with Laura Weaser
Killer Elite. In cinemas now. Directed by Gary McKendry.
Pitched like a Hollywood cat-and-mouse chase but executed like a gritty BBC miniseries, Killer Elite is more than its explosive exterior as it attempts to tell a dark tale of SAS dirty laundry finally washed and aired.
Assassin and former British Elite Special Air Service (SAS) officer Danny (Jason Statham) has retired from the mercenary/hired-gun gig. He is pulled back into action when his mentor Hunter (Robert De Niro) is captured by a sheikh.
For his freedom, Danny must kill three SAS officers that killed the sheikh’s sons during the time when British forces were taking down communist guerrillas in Oman.
As Danny goes on the hunt, things are more complicated than they seem, with retired SAS committee ‘The Feather Men’ keeping an eye on him and former SAS solider Spike (Clive Owen) tracking him down.
Like the film’s mismatched cast of lead names, B-class Australian actors (even our own Outrageous Fortune’s Wolf makes an appearance) and globe-trotting locations, Killer Elite is a strange, multi-layered journey.
The film had me confused from the start.
I was expecting typical Hollywood-style Statham punching and kicking his way around the world with smart-arse quips to save his friend.
Instead, the film delivers more like a British crime-thriller with covert ‘need-to-know’ basis missions coming back to haunt those officers involved, and Danny’s mission unearthing these long-buried issues.
The action – filled with impressive pyrotechnics and death-defying jumps from rooftop to rooftop – was also surprisingly filled with the kinds of grime and gore you would expect from an episode of Ultimate Force.
Bodies are disposed of at pointe blank range, crash victims are unceremoniously laid across the back of vans and ‘accident’ after accident is more vicious than the other as Danny tried to make each hit look unintentional.
Based in the loosest sense on a supposedly true story written by a former SAS officer (and survivor of the ‘Danny’ character’s assassinations), the book itself is a controversial issue as the SAS have refused to acknowledge claiming it is fictional rubbish.
That said, knowing even an inkling of this film could be true, makes it all the more interesting.
For me, it wouldn’t surprise me the horrible things that happen in war and the secrets the SAS keep within themselves.
They are specially trained officers, dispatched on some of the grittiest missions.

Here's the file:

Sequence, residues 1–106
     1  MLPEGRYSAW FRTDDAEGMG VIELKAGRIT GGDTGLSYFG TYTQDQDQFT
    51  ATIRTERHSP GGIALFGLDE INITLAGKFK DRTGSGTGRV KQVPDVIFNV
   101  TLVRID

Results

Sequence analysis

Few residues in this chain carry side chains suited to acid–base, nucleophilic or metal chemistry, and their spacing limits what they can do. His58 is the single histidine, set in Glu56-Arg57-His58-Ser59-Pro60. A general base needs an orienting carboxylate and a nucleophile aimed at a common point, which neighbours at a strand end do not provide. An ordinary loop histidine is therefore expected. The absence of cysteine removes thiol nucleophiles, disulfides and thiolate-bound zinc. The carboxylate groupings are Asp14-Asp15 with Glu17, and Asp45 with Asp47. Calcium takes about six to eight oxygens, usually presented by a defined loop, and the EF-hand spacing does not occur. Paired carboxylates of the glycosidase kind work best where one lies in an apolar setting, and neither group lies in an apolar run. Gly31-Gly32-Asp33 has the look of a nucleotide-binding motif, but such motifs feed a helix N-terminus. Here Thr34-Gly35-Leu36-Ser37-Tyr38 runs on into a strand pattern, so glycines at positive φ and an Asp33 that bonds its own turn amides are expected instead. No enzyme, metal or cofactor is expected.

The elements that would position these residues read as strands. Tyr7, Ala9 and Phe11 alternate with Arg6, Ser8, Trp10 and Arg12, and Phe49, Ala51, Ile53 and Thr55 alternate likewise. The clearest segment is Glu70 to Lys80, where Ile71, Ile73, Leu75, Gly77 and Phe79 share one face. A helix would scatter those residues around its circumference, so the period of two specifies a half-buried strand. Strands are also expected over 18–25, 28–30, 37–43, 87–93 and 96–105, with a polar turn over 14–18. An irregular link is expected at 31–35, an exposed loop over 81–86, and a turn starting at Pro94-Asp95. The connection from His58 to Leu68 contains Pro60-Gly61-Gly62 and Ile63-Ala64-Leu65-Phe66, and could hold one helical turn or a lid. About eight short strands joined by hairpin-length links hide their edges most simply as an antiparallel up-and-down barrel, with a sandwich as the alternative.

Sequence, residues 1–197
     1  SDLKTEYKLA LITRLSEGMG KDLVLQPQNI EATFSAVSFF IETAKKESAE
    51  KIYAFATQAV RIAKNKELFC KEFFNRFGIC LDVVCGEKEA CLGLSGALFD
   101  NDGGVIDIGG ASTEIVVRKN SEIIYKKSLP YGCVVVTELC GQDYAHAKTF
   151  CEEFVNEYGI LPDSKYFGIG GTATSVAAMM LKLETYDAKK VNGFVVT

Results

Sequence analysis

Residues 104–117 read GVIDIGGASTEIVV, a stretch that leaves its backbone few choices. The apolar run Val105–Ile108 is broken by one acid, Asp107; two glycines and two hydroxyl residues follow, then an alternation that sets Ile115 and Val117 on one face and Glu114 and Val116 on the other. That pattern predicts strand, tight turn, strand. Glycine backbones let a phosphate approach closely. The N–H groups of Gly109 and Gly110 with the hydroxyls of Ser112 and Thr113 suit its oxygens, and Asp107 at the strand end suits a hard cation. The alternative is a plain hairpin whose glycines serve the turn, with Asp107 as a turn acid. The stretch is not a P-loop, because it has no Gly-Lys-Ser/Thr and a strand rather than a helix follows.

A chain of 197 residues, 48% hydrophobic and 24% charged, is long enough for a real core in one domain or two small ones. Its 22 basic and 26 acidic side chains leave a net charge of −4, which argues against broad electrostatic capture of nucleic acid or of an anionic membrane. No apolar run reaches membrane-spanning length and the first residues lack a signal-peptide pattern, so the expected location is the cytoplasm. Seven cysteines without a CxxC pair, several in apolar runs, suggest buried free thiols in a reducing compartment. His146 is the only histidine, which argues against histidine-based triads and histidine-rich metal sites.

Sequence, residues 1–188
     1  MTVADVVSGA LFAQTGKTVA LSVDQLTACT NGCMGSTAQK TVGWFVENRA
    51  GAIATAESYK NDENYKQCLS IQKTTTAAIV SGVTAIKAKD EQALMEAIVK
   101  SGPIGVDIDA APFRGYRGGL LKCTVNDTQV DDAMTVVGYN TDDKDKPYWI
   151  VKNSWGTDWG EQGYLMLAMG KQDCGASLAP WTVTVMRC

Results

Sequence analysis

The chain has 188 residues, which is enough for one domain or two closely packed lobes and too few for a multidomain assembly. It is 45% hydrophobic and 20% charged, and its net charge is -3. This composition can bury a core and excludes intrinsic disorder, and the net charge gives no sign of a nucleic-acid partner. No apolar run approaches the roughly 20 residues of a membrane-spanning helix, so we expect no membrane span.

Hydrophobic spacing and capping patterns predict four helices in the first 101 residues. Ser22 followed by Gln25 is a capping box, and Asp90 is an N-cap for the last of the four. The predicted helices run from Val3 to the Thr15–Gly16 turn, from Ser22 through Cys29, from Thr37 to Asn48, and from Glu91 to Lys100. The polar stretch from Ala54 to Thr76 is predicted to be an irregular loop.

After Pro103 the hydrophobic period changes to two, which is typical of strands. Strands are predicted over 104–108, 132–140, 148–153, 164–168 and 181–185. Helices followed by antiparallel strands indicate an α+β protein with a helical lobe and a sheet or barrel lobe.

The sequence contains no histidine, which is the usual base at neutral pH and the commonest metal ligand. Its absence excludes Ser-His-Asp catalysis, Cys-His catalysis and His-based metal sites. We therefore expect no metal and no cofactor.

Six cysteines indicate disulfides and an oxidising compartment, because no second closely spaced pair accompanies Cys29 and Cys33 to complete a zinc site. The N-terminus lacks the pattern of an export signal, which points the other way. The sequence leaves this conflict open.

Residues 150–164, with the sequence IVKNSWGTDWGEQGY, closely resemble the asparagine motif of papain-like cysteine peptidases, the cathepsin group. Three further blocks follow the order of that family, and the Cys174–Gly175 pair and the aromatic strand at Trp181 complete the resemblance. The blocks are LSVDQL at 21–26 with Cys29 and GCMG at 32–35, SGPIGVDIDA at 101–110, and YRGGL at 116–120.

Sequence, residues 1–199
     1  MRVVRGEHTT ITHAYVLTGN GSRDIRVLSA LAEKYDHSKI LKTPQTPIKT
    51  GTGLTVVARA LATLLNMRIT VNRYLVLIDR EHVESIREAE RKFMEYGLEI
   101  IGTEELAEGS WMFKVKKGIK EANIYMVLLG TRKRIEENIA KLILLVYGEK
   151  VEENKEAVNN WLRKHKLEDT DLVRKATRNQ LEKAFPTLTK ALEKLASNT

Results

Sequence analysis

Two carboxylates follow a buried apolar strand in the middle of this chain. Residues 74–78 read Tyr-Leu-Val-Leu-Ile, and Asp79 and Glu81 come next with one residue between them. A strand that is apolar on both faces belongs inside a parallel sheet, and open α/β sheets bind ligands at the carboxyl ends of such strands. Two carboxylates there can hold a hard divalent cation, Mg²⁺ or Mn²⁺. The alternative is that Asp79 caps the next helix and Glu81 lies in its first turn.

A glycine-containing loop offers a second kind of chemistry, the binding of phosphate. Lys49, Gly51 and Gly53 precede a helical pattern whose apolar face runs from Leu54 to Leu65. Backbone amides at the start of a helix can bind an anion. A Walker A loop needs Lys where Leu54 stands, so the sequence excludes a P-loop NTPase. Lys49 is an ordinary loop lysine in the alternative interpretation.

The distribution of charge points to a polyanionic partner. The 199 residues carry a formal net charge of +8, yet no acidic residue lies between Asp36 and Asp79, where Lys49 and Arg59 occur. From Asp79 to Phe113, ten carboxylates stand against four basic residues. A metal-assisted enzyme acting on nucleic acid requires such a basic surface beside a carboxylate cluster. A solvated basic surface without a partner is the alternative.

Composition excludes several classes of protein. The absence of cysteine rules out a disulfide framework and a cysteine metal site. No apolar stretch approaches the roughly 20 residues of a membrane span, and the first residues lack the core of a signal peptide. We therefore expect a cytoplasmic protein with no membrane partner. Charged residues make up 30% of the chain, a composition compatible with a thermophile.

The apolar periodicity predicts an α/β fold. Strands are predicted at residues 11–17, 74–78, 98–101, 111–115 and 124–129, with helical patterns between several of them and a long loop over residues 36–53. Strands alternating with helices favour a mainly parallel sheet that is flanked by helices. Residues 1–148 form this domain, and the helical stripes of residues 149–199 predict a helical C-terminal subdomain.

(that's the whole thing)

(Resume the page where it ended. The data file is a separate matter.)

Around the supposedly factual basis of the film, I feel two sub-plots have been added to down-play the realistic nature of the film and give it that Hollywood tilt that helps it appeal to mass-market.
One is the romantic sub-plot between Danny and his Australian girlfriend.
This is never really explained and she just seems to exist to show the softer-side to the killing machine and also provide collateral for ‘bad’ guys tot threaten him with.
The other is Hunter’s kidnapping, to justify why Danny needs to kill these former SAS officer.
We couldn’t have our main ‘good guy’ dispatching people for no reason now could we?
This films main problem is it is caught between two worlds – an intriguing story versus Hollywood marketing.
As such, the drama and intensity of espionage secrets and twists becomes underplayed in favour of a good guy-bad guy chase across the world.
This stops the film short of saying anything controversial about the work the SAS did in Oman or making any bold statements as to the political nature of their role during guerrilla warfare.
I guess this wasn’t the right time or place in something pitched as Transporter 4.
The crowd pleaser – Jason Statham ball-busting his way around the world. Flipping out of a building whilst tied to a chair before miraculously getting up and jacking some innocent by-standers vehicle is magical.
The stage dive – The confusing nature of the plot. It had the potential to be more than the sum of its parts but got weighed down having to justify a clear divide between the ‘good guys and the bad guys’ when everyone was equally merciless in their own right.
Final curtain call – An interesting look at the dirty secrets that lurk behind the SAS, stopped short of making an real political and social statement by the need to Hollywood-ise the situation.